"Becoming Victoria"

I am honoured and excited to have been invited by the Llandrindod Wells Victorian Festival committee to appear as a young Queen Victoria at this year's festival from 22nd-28th August 2016. In preparation for this role I will be designing and making the costumes for the young queen over the coming months. These will be authentic reproductions of the fashions of the early years of Victoria's reign and will include a range of 1840s women's garments from corsets and petticoats to day dresses, ball gowns and bonnets. This blog will document and share my progress as I research, design and stitch each element to reveal the secrets of "Becoming Victoria".

Wednesday, 6 July 2016

Preparing for piping

46 days to go...

The first dress is finally cut out and ready to go. However, before I could begin construction I had to take account of a very important feature of 1840s dress.

It was customary at this period for most of the bodice seams to be decorated with piping. Piping is when a narrow cord inside a tube of fabric is sandwiched into the seam. This creates a decorative cord along the seam line on the outside of the garment. This is most commonly used to today to finish the edges of cushions.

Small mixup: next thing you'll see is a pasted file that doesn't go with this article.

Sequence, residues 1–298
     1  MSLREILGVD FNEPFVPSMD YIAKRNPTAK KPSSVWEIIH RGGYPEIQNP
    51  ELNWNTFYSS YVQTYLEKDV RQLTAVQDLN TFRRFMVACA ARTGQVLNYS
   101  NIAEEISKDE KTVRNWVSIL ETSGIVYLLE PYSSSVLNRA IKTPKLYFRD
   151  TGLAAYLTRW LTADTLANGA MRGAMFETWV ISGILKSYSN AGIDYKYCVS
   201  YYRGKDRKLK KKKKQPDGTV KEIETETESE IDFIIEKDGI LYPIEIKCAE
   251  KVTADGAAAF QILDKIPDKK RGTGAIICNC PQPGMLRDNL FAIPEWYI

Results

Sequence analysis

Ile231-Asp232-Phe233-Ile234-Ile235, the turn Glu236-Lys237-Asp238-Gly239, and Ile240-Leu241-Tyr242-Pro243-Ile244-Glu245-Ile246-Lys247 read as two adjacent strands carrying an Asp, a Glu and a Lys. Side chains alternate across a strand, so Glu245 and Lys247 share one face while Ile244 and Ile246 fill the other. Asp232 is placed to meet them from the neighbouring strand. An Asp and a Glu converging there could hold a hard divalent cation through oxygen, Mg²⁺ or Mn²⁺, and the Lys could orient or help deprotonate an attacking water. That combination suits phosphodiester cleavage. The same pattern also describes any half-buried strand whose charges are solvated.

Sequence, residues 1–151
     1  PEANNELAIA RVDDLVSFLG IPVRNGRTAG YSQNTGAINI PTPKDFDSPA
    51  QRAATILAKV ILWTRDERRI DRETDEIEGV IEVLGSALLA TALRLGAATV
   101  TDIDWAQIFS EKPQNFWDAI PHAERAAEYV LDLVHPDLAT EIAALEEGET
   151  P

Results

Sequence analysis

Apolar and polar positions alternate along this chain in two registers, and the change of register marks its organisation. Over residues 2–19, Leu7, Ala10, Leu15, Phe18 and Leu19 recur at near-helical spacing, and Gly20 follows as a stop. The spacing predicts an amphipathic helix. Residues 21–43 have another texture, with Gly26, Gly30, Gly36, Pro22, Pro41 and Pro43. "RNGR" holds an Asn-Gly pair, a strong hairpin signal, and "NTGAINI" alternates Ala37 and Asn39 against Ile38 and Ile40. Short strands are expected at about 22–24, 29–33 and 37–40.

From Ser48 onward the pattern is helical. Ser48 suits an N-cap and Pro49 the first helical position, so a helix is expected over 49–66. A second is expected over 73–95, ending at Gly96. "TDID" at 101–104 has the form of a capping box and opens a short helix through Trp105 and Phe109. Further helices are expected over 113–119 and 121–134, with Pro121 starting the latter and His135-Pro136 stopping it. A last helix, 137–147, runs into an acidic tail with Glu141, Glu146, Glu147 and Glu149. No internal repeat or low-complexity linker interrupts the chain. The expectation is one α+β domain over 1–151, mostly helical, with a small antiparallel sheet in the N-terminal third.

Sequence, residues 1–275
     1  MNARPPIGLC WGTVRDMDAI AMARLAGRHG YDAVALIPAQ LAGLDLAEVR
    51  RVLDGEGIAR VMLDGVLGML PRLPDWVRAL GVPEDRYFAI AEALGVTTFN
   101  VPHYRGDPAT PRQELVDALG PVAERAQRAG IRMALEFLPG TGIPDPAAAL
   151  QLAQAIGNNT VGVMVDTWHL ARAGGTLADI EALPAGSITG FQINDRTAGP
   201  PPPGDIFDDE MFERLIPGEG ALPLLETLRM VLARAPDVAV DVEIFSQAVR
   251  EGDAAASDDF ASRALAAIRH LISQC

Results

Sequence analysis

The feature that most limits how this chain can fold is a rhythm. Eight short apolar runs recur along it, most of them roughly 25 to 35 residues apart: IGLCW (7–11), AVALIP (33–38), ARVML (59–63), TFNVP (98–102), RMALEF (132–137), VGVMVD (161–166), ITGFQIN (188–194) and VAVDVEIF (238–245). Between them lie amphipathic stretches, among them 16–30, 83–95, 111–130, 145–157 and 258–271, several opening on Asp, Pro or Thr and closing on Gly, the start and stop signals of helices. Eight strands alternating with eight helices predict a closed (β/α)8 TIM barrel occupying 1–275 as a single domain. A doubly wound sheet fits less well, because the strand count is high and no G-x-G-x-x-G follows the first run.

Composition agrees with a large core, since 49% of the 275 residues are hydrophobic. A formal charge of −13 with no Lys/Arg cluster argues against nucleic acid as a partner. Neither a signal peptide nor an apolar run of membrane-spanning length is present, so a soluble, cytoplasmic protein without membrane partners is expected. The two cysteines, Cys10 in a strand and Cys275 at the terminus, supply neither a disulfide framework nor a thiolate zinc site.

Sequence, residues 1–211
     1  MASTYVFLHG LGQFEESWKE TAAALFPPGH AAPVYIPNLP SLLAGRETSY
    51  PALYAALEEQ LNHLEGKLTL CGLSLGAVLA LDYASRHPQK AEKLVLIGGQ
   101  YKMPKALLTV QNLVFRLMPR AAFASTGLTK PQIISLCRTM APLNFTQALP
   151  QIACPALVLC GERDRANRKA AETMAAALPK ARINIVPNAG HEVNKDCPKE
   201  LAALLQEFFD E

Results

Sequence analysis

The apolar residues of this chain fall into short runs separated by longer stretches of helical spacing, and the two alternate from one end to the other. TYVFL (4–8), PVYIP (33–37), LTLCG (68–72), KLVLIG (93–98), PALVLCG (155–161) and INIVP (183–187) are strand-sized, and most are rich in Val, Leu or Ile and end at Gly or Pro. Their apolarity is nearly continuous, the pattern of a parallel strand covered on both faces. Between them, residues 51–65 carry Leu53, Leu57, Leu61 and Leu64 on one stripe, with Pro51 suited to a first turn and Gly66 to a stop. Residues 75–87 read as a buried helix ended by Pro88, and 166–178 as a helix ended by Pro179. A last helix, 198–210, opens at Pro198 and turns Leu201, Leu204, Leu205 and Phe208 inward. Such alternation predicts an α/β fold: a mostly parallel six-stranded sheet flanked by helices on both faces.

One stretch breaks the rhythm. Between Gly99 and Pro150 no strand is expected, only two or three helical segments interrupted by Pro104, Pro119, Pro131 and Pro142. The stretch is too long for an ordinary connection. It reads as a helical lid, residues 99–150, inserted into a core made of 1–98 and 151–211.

An example of cushions with piped seams (from here)

In the 1840s, piping was used to add definition and emphasise the seam lines of garments.

V&A_T.32-1940_Day Dress 1836-1840 - This cotton day dress has green contrast piping on all of the bodice seams, with a thicker double piping used to finish the bottom of the bodice.
So before beginning to stitch my bodice I had to prepare several metres of piping. I used a continuous bias strip cut from the fabric (find out how to cut one here). Using the bias (diagonal) of the fabric is important as it allows the piping to stretch and bend easily around curves and corners. This strip was folded in half lengthways and a thin blind cord tightly sewn into the fold.

From left to right: unfolded bias strip, folded bias, blind cord
With the cord sewn in to create the piping
All ready to be applied to the bodice

The next step will be to apply this to all the seams of the bodice prior to construction.

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